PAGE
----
Before-tax (concessional) contributions
You can sometimes claim a tax deduction for contributions you make before tax. The amount you can claim is generally up to the annual concessional contributions cap. This limit changes most years at the start of July.
If you contributed less than the concessional contributions cap in previous business years, your contribution cap may be higher, meaning you can add more. This is called the carry-forward of unused concessional contributions.
If you’re over 67 and these contributions aren’t coming from an employer, they’re seen as personal contributions. You’ll need to satisfy the work test to make these.
How to claim a tax deduction for your super contribution
If you want to claim a tax deduction for personal super contributions you must lodge a form with your super fund called a Notice of Intent to Claim. This has to be done before your lodge your income tax return. Once your deduction has been processed, the amount claimed as deduction becomes a concessional contribution. Contributions tax will be then be deducted from your account.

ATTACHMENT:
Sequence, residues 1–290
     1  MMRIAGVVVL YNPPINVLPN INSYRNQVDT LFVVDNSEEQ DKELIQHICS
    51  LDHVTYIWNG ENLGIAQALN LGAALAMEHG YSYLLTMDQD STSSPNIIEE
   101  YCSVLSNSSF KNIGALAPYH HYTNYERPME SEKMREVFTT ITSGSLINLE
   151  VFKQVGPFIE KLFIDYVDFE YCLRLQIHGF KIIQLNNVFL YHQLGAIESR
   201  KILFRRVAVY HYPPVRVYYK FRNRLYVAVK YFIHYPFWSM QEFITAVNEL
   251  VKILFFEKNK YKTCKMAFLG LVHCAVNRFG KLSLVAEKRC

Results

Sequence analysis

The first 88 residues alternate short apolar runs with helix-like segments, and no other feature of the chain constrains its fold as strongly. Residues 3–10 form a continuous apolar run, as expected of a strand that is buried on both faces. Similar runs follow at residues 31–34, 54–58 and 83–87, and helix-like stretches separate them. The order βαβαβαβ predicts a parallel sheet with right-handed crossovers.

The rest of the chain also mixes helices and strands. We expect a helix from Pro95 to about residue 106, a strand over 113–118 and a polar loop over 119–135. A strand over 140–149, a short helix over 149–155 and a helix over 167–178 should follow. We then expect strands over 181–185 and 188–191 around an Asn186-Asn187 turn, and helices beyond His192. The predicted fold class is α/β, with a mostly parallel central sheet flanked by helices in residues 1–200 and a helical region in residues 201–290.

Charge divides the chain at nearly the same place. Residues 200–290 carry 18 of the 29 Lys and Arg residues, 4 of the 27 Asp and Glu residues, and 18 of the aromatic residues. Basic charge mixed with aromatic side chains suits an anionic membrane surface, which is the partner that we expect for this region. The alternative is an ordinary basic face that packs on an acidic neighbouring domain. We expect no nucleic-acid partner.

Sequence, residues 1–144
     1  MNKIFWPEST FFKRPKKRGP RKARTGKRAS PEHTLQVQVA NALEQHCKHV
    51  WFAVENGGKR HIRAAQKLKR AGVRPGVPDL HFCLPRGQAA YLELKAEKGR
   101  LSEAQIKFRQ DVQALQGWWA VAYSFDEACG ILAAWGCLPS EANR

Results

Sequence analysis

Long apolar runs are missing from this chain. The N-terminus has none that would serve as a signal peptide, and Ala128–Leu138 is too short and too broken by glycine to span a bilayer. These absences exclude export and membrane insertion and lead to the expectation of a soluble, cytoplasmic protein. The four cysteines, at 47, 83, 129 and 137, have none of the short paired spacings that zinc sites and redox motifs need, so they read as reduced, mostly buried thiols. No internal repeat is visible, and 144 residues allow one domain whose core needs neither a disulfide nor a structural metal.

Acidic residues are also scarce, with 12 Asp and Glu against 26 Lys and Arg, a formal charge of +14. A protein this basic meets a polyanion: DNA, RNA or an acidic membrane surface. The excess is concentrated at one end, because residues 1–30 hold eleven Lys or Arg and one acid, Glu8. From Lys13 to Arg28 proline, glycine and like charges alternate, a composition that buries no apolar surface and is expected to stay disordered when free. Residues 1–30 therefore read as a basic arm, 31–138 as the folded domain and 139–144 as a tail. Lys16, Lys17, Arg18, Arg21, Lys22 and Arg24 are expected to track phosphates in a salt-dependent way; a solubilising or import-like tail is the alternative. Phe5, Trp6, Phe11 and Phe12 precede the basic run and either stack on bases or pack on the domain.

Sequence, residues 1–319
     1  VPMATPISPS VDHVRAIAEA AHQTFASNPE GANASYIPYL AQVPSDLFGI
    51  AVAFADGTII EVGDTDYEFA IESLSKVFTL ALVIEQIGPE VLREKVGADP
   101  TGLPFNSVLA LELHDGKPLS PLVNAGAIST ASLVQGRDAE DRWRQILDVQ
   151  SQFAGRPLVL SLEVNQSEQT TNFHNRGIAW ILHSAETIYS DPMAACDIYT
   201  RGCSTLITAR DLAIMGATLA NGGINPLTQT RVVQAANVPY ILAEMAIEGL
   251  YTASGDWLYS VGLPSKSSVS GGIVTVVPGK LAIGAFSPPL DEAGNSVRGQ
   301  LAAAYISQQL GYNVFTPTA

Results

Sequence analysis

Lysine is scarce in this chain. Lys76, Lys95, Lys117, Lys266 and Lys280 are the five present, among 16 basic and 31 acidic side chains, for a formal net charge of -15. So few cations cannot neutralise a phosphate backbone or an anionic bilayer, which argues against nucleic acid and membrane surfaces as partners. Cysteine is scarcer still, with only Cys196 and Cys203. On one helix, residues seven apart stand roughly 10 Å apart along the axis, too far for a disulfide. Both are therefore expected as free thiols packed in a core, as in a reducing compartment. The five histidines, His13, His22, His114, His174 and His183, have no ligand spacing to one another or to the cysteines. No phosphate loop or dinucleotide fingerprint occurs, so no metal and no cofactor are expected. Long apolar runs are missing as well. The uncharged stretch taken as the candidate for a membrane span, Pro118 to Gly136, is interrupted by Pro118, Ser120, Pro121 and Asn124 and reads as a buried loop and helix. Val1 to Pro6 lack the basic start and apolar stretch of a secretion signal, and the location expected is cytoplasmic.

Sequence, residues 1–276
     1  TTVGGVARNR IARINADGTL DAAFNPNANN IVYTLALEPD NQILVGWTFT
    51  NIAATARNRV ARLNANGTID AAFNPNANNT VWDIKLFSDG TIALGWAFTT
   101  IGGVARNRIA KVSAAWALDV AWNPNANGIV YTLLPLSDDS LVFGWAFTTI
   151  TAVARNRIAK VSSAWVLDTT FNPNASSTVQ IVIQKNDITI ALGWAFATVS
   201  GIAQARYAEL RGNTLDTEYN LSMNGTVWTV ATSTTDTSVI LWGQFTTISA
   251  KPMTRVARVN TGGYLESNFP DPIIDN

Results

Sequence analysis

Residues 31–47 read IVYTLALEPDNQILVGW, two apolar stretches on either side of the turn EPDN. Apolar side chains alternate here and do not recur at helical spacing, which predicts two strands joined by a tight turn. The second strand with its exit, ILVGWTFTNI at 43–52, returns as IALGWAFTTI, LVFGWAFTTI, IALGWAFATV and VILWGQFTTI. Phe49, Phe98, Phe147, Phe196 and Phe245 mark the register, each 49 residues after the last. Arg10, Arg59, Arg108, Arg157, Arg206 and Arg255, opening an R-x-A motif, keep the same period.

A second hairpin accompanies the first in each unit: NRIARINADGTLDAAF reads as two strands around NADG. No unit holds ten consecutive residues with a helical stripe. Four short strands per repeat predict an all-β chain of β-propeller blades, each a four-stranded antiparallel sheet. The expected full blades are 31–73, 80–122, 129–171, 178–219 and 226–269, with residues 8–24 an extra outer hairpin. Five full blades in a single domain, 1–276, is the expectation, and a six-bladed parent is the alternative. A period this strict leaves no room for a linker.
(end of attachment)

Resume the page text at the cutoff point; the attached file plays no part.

The form must be lodged before you combine multiple super accounts, transfer super to another account (such as a pension) or make a withdrawal.
The Australian Government co-contribution initiative supports low and middle-income earners by boosting their super contributions, helping to grow their retirement savings. Put simply, the Government matches a certain amount of contributions you make to your super, up to a maximum. There is an eligibility criteria you need to meet. Any co-contribution gets paid directly into your super account after you’ve lodged your tax return for that year, proving your income.
For more information download our factsheet: Add to your super with government co-contributions
If you’re being paid by an employer
If you’re a contractor who’s paid via your employer’s payroll, you should receive compulsory super payments from your employer. So it can be worth checking to see if you’re getting paid what you’re owed.
According to the ATO, if you’re a contractor paid mainly for your labour, then you might be considered an employee for superannuation purposes. That means you could be entitled to contributions paid into your super account by your employer.
If you’re not sure, you can use the ATO’s employee/contractor decision tool to find out who should be paying your super. This is an important check so you don’t miss out on any owed super.
The Superannuation Guarantee – if your employer is paying your super
If you’re entitled to compulsory super payments from your employer, then you should know that the legal minimum payment is 10% of the value of your wage. This is called the Superannuation Guarantee, and the money must generally be paid into you’re nominated super fund. It’s your responsibility to let your employer know which fund this is.